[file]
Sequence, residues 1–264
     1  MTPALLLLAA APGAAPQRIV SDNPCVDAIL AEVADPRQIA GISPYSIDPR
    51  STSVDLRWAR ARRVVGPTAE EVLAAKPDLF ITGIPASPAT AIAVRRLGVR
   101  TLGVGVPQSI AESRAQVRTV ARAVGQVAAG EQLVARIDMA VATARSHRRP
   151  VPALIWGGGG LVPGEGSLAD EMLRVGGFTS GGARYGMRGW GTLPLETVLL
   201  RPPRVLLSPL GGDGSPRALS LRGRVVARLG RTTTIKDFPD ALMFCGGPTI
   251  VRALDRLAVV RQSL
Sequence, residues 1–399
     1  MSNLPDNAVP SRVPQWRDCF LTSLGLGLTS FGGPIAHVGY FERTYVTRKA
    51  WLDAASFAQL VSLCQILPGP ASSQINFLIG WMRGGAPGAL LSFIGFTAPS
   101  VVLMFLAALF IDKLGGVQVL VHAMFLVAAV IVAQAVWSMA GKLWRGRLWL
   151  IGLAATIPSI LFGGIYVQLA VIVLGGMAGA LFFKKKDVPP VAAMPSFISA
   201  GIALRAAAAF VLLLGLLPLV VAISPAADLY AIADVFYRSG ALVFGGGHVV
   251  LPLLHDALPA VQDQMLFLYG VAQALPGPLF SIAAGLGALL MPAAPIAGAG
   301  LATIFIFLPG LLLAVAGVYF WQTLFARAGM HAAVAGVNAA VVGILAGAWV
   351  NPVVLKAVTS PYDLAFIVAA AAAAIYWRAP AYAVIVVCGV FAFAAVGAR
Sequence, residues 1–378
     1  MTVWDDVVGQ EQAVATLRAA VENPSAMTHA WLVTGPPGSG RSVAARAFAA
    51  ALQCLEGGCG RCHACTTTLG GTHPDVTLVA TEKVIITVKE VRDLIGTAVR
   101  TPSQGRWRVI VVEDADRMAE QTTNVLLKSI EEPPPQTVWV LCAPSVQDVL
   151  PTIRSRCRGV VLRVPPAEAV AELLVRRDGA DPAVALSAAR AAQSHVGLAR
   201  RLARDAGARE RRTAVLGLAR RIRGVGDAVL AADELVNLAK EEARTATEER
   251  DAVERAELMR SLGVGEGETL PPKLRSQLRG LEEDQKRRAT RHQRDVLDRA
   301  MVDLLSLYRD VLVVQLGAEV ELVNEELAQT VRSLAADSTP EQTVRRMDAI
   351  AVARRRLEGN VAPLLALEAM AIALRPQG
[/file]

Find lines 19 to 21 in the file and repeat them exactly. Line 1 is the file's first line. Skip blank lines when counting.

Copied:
    51  ALQCLEGGCG RCHACTTTLG GTHPDVTLVA TEKVIITVKE VRDLIGTAVR
   101  TPSQGRWRVI VVEDADRMAE QTTNVLLKSI EEPPPQTVWV LCAPSVQDVL
   151  PTIRSRCRGV VLRVPPAEAV AELLVRRDGA DPAVALSAAR AAQSHVGLAR